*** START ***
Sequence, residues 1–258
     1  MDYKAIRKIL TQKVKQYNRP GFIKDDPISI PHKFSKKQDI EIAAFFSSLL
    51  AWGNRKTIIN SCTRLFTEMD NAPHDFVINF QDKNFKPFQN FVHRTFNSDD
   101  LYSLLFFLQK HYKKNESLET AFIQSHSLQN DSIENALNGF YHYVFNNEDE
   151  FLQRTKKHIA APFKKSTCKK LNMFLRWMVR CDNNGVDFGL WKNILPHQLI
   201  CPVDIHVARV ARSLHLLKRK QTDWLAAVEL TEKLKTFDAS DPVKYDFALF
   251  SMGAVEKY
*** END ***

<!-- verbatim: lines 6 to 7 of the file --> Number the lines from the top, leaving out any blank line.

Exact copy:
   201  CPVDIHVARV ARSLHLLKRK QTDWLAAVEL TEKLKTFDAS DPVKYDFALF
   251  SMGAVEKY